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About Utah: Max keeps the magic alive in St. George

ST. GEORGE — By most days, and nights, Stan Poole, 55, is a normal Accord-driving, mortgage-paying, yard work-avoiding, middle-age husband and father of five who sells ads for The Spectrum.

But every now and then, Stan disappears.

It might be on a Saturday afternoon at someone's birthday party, it might be a Monday night after a business meeting, it might be at a supermarket opening. Sometimes it's on the Las Vegas Strip.

Stan becomes Max. Max the Magician.

He just sorta appears. Out of thin air.

It all started when he was 5 years old and his grandmother gave him a magic set for Christmas. She thought Stan might like it. He didn't like it. He loved it.

He did his magic throughout junior high and high school, where he picked up the nickname of Max. "I was the nerd who always had a deck of cards in his back pocket," he says.

But then came an LDS mission, college, marriage and a job, more or less in that order, and the magic got left behind; a vestige of carefree youth.

For a couple of decades, no rabbits disappeared, no aces of hearts turned to aces of spades, no quarters appeared out of thin air. Stan and his wife, Sheryl, got busy raising their family, putting in their yard and making ends meet.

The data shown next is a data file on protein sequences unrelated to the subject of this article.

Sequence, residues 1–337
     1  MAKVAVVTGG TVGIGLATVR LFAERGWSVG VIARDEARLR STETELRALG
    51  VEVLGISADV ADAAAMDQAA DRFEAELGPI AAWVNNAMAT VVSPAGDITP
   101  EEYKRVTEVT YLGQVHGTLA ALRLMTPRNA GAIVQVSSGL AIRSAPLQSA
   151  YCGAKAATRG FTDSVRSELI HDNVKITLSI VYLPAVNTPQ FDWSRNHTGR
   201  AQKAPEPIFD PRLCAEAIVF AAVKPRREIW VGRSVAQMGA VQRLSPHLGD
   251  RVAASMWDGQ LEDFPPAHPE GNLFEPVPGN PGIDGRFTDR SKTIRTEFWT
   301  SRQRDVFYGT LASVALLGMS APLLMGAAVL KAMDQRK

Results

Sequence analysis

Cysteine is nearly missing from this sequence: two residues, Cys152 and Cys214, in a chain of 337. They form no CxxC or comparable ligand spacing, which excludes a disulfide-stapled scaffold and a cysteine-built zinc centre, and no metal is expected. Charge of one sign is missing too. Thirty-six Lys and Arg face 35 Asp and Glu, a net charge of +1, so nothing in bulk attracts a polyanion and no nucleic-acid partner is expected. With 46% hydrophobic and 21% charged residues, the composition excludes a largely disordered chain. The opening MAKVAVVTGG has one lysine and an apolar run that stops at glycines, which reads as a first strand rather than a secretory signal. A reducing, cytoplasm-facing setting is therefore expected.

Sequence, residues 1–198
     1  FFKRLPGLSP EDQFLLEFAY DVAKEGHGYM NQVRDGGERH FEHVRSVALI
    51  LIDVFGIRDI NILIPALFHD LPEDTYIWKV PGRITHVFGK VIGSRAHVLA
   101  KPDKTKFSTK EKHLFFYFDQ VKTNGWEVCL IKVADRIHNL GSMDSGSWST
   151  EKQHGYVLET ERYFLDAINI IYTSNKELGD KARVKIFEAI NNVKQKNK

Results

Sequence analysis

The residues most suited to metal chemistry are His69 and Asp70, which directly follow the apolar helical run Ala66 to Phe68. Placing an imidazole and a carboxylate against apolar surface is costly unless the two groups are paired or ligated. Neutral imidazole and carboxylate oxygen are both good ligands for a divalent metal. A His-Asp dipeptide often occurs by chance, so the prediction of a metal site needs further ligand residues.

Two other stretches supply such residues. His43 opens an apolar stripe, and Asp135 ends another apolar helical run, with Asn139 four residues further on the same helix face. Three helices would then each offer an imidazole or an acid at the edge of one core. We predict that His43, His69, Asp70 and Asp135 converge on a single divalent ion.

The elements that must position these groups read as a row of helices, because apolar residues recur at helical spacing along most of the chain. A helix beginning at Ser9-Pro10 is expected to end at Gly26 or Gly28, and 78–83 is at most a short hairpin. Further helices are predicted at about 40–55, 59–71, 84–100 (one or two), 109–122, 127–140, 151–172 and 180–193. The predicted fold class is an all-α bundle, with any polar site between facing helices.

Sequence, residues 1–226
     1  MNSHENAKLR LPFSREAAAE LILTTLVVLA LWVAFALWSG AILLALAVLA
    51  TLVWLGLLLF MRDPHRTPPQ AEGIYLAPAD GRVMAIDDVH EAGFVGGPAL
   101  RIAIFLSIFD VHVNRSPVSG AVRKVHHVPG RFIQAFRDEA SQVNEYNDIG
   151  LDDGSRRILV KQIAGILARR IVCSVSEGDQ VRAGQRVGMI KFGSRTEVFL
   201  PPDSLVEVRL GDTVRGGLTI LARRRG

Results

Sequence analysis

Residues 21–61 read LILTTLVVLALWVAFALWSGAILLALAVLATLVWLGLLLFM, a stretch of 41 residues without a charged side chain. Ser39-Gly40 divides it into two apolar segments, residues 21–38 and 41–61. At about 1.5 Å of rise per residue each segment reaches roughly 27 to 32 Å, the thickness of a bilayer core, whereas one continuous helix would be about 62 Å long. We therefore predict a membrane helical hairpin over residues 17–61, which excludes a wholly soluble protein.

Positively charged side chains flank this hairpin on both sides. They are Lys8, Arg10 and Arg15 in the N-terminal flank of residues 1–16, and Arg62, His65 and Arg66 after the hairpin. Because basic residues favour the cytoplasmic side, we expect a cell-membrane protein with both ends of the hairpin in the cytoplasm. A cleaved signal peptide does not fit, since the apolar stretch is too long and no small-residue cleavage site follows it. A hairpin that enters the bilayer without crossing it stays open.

Then, one day in the late 1990s, a neighbor mentioned that in his spare time, he was going to parties and events at car dealerships, where he entertained the crowd by tying balloons. And he got paid for it.

The thought crossed Stan's mind that he could top that. He could make a live dove appear inside the balloon.

So he turned a storage room off the garage into his magic room, bought some rabbits and doves, and started knocking the rust off his old skills.

Since Las Vegas was just 90 minutes away, he also drove to the New York, New York casino and landed a part-time weekend job at Houdini's Magic Shop. He rubbed shoulders with magicians large and small. He met Lance Burton. He met Siegfried and Roy.

He realized he loved magic as much as an adult as when he was 5 years old.

He started performing again, as often as possible. He spent a summer traveling between his home in St. George and the resort town of Springdale to refine his act at the Bumbleberry Inn, for nothing more than a piece of pie. Sheryl was his critic. She'd tell him what worked well and what didn't.

What worked the best, Stan realized, was humor.

"I do real magic," he says. "But I won't do anything if I can't throw humor into it."

Then, the punch line. "That way, if you screw up, they think it's part of the act."

In the process, he has become an act in high demand in southern Utah. He's got his own website (, and he's doing about 100 shows a year, all in his spare time. He can be found performing at private company events and public libraries and most everything in between. He's also done shows at several Vegas casinos.

Where will it all lead? Magicians never tell. But Stan and Sheryl became empty nesters just four months ago and Stan isn't slowing down.

"People ask if I get tired of doing it," he says. "And I really don't. It's just my thing. It's my passion."

The greatest sound in the world, he says, "is people laughing, followed by, "How in the world?"

When you can make that happen, it's magic.

Lee Benson's About Utah column runs Monday and Friday. Email: